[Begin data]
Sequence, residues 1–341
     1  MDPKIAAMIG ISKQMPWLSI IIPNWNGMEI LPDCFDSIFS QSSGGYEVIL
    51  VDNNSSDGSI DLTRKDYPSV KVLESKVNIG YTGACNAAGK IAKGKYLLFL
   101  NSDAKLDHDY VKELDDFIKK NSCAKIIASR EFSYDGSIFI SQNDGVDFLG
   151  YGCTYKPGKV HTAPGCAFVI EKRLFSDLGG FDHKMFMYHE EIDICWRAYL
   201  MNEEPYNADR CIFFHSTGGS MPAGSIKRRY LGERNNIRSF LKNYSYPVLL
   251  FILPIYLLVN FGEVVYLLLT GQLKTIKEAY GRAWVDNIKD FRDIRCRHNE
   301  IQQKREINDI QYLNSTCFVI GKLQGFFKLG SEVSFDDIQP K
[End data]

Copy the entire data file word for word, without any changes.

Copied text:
Sequence, residues 1–341
     1  MDPKIAAMIG ISKQMPWLSI IIPNWNGMEI LPDCFDSIFS QSSGGYEVIL
    51  VDNNSSDGSI DLTRKDYPSV KVLESKVNIG YTGACNAAGK IAKGKYLLFL
   101  NSDAKLDHDY VKELDDFIKK NSCAKIIASR EFSYDGSIFI SQNDGVDFLG
   151  YGCTYKPGKV HTAPGCAFVI EKRLFSDLGG FDHKMFMYHE EIDICWRAYL
   201  MNEEPYNADR CIFFHSTGGS MPAGSIKRRY LGERNNIRSF LKNYSYPVLL
   251  FILPIYLLVN FGEVVYLLLT GQLKTIKEAY GRAWVDNIKD FRDIRCRHNE
   301  IQQKREINDI QYLNSTCFVI GKLQGFFKLG SEVSFDDIQP K